A group of bipartisan negotiators have been at work to strike a deal to fund foreign aid as well as border security measures. But their efforts have yet to bear fruit as both parties have failed to come to a consensus.

Some Republicans in the Senate say they will support funding for Ukraine if Democrats back tougher immigration policies. That is something that the Progressive and Hispanic caucuses say they will oppose, as Politico reported. Majority Leader Chuck Schumer accused Republicans of “hostage taking.”

This disagreement played out when the funding bill without the border measures was introduced on the Senate floor Wednesday. All of the GOP lawmakers voted against it.

Sen. Mitt Romney, R-Utah, expressed his frustration over the ineffective negotiations on Wednesday, telling reporters Democratic leadership knows Republicans will not be in favor of the supplemental funding until Democrats are willing to address the border crisis.

“And the second issue is the substance, which is we’re seeing 10,000 people a day let into the United States — 10,000 a day. That’s about 3.7 million a year. That’s larger than the population of a lot of states,” Romney told reporters at the Capitol Wednesday, according to his spokesperson. For reference, Utah’s population is 3.3 million.

“That can’t go on,” Romney added.

He said he supports aid for Ukraine and Israel but recognizes that the “Republican House of Representatives will not get funding for Ukraine and Israel unless the border is secure.”

“That’s the reality,” Romney said.

After the vote Wednesday, President Joe Biden alleged Republicans were engaged in “political blackmail” in a post on X, formerly known as Twitter. To this, Sen. Mike Lee, R-Utah, replied, “You’re ignoring the national-security crisis you’ve willfully created by refusing to enforce our southern border.”

“Then you’re telling us you won’t lift a finger to do anything about it — to secure OUR country — unless we send $61.5 billion to Ukraine,” the senior Utah senator added. “Who’s blackmailing whom?”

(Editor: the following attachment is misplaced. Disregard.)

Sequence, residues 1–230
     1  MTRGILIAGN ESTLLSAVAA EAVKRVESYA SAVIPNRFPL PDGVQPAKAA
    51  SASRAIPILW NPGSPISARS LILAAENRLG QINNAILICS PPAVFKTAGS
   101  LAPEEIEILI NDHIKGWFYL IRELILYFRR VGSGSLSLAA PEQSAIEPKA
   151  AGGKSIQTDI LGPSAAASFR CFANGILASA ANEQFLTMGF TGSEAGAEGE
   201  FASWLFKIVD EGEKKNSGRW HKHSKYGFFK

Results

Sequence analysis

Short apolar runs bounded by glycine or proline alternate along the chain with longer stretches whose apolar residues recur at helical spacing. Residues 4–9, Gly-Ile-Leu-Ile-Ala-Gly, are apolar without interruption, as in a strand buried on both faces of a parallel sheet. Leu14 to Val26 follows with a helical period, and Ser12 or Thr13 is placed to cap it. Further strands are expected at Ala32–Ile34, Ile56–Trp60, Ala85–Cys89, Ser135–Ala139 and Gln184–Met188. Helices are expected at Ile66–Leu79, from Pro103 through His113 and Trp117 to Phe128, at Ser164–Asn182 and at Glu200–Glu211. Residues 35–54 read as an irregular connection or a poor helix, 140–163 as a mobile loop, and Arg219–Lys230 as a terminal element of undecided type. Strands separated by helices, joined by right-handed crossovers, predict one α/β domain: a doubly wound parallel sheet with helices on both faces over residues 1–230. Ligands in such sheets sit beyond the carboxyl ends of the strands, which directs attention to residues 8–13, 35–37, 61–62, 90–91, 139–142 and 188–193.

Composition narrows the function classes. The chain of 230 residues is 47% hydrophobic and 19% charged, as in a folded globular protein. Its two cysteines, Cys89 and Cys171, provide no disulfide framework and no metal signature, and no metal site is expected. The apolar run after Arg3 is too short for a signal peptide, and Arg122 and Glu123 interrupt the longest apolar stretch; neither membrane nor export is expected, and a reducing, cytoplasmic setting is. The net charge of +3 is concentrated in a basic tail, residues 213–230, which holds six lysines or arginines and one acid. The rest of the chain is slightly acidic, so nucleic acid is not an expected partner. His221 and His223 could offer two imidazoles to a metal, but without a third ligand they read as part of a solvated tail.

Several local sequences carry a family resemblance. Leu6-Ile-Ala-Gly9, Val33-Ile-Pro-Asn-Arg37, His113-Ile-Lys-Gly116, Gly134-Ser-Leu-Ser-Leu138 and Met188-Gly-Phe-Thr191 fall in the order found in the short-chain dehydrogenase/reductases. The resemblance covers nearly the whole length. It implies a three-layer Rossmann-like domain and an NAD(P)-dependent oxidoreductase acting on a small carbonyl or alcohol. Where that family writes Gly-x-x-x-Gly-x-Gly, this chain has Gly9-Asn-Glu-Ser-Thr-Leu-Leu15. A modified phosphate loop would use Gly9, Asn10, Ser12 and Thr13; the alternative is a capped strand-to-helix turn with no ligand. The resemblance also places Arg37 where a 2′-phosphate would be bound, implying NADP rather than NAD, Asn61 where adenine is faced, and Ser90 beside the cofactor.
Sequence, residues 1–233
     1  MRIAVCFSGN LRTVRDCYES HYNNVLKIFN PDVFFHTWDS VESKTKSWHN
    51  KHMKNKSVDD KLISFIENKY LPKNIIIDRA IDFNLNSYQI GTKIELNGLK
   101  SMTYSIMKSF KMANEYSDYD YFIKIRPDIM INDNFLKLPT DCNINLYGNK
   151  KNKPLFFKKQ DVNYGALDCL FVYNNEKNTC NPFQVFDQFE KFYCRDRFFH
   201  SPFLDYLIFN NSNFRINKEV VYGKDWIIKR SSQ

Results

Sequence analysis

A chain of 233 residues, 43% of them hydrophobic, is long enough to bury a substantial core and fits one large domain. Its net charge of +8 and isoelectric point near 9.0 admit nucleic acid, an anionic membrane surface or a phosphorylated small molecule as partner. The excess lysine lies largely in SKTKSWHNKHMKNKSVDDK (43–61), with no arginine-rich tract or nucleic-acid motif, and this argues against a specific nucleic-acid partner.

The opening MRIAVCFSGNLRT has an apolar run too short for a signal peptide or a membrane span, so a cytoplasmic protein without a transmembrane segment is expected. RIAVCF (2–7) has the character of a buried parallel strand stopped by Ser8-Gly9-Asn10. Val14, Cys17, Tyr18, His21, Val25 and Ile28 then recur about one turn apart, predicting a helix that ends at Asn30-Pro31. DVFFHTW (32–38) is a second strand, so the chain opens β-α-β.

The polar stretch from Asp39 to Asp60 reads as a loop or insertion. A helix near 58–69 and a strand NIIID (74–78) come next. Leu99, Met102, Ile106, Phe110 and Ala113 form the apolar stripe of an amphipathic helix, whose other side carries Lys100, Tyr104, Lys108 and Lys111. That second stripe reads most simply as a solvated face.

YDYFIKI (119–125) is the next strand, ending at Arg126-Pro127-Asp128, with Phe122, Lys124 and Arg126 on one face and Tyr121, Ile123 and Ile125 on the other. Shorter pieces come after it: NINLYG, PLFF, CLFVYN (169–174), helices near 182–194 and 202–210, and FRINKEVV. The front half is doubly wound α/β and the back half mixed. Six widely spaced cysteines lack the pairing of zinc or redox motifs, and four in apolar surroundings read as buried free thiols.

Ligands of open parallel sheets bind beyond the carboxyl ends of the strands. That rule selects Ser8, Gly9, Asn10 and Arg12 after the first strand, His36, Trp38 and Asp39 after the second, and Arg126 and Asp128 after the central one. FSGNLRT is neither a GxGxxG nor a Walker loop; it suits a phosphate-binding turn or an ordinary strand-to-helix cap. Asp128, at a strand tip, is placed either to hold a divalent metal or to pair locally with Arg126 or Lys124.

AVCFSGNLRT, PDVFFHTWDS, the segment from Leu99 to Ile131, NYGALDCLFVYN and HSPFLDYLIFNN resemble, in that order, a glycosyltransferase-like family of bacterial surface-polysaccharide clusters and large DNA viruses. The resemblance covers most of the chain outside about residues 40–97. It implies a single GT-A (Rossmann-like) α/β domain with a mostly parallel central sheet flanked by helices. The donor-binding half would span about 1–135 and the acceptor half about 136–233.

The White House said it doesn’t regret lumping foreign aid with funding for the border in the supplemental funding request. National security spokesman John Kirby said Thursday all parts of the request “were of an urgent nature,” especially the assistance to Ukraine.

“If we walk away and Putin takes Ukraine, he won’t stop there. It’s time for Congress to fund our critical national security priorities,” Kirby said in a separate statement on Wednesday.

On Thursday, Sen. Chris Murphy, D-Conn., and Sen. James Lankford, R-Okla., presented Senate Democrats with a new counteroffer as negotiations continue, with the White House looped in, according to Punchbowl News. The Senate is in session next week before it breaks for its holiday recess, putting pressure on lawmakers to find a middle ground.

Sen. Jon Tester, D-Mont., wrote a letter to Senate leaders Thursday, insisting on the need to prioritize bipartisan border security measures. “Let’s be clear, the status quo is not working regardless of what side you are on,” he said.

Tester added, “Unfortunately, some in Washington, D.C., do not want to be a part of the solution. They would rather block progress in order to get more media attention and campaign contributions.”

The Montana senator said he spoke to lawmakers on both sides of the aisle about policy changes, which leaves him certain that a solution to the American asylum and immigration system can be found.

Of course, not all Democrats are on the same page as Tester. On the Senate floor Thursday, Schumer firmly laid out his party's position as he asked GOP colleagues to “stop the game-playing.”

“We Democrats very much — very much — want an agreement,” the Senate majority leader said. “We are willing to make compromises and concessions to meet our Republican colleagues, as long as they are willing to do the same.”